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Author: Subject: Address card for a parcel
eja1703
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[*] posted on 3/16/2005 at 15:03
Address card for a parcel


The attached scan is of a adress card for a parcel sent in 1940. It is paid 5 rubles for the weight, when was this postal rate valid. On the back, see second scan, is it stamps with the total value of 1.80 rubles, they are cancelled on the day the parcel was delivered to the addressee. What is this payment for? What is the meaning of the third line on the postal rate table (за трактовую пересылку;).

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eja1703
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[*] posted on 3/16/2005 at 15:04
Scan of the rear side




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oldteddy
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[*] posted on 3/16/2005 at 21:29
Just a guess


The following is just a guess, not based on any documentation or literature.

1: The term "почтовый тракт" is very old and was used back when one of the POSTAL functions was providing horses for travalers. I think in this context it's used as a synonym of DIRECT POSTAL ROUTE. So if delivery of a parcel required transfering it from one "почтовый тракт" to another - postal service charged extra.
2: About the stamps: if to judge by the box in which they affixed "доставка" [delivery] - it's for home delivery. But who affixed them? Post Office?

I hope somebody would give more documented interpretation.
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achlenov
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[*] posted on 3/17/2005 at 00:30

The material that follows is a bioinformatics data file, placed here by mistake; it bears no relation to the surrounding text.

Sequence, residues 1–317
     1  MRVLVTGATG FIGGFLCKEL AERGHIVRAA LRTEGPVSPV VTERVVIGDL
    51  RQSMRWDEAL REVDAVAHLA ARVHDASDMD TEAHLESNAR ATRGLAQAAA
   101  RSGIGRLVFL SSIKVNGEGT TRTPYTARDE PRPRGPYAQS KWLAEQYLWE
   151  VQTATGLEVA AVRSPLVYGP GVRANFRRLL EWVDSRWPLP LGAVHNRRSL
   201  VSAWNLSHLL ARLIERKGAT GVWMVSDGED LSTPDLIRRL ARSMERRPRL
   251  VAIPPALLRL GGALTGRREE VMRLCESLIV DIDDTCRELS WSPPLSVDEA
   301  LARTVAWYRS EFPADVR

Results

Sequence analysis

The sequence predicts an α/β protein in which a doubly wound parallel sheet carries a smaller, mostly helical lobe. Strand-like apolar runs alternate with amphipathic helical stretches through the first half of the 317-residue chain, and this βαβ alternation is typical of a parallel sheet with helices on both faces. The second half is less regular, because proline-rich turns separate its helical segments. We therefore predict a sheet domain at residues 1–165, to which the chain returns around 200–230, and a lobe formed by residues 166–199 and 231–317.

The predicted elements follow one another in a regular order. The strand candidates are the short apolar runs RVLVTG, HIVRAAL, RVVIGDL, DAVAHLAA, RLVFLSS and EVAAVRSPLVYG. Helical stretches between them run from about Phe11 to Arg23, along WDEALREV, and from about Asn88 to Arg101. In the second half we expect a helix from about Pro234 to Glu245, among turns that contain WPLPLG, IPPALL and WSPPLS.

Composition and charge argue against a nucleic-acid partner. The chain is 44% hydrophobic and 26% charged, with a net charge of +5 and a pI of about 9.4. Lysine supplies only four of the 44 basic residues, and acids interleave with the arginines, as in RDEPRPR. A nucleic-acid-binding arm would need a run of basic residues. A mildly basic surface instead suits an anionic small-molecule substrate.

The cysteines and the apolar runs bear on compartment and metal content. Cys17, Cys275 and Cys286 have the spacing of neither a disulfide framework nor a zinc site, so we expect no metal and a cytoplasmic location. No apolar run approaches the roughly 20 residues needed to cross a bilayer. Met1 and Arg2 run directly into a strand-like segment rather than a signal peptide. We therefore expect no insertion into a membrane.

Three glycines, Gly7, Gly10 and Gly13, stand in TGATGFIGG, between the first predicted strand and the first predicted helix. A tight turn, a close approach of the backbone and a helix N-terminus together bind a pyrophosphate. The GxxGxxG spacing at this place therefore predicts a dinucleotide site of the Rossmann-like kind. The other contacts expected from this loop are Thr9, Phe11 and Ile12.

Quite interesting! It appears that both the sender and the receiver were in the recently occupied Poland "Western Belarus". It's amazing how quickly they renamed the streets in Brest!
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eja1703
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[*] posted on 3/26/2005 at 17:51


I have seen on the five other parcel cards that I have from the same time as the above. All have stamps on the back for delivery. But the amount is never specified in the proper fields on the back. The question is how they calculated this delivery fee. The five other parcel cards have the following fees for delivery, 30 kopek, 45 kopek, 75 kopek, 240 kopek and 300 kopek. It looks like more days between arrival of the parcel on the adresee post office and delivery to the adresee gave higher fee. Anyone that has the solution!
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yozhik
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[*] posted on 4/4/2005 at 18:08


It is interesting that the card dates from the occupation period, and seems that the others do too.
IF you knew that the items came from a military man It is quite possible that the parcel represented "liberated" goods being sent home.
It is well known that when the Red Army reached Germany during WW2 that there was a special parcel allowance for each soldier. ;)
does anyone know if a similar concession was granted when the Soviets invaded Poland and the baltics?
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